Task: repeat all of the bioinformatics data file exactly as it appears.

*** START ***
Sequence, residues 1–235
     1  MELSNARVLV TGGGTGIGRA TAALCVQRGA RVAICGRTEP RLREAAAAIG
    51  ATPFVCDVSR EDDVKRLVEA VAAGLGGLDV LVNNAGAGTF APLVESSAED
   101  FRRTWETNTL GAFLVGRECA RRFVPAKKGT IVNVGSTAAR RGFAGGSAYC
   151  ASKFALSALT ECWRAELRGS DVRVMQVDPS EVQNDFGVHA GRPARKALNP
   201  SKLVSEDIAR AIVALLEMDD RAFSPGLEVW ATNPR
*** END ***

Sequence, residues 1–235
     1  MELSNARVLV TGGGTGIGRA TAALCVQRGA RVAICGRTEP RLREAAAAIG
    51  ATPFVCDVSR EDDVKRLVEA VAAGLGGLDV LVNNAGAGTF APLVESSAED
   101  FRRTWETNTL GAFLVGRECA RRFVPAKKGT IVNVGSTAAR RGFAGGSAYC
   151  ASKFALSALT ECWRAELRGS DVRVMQVDPS EVQNDFGVHA GRPARKALNP
   201  SKLVSEDIAR AIVALLEMDD RAFSPGLEVW ATNPR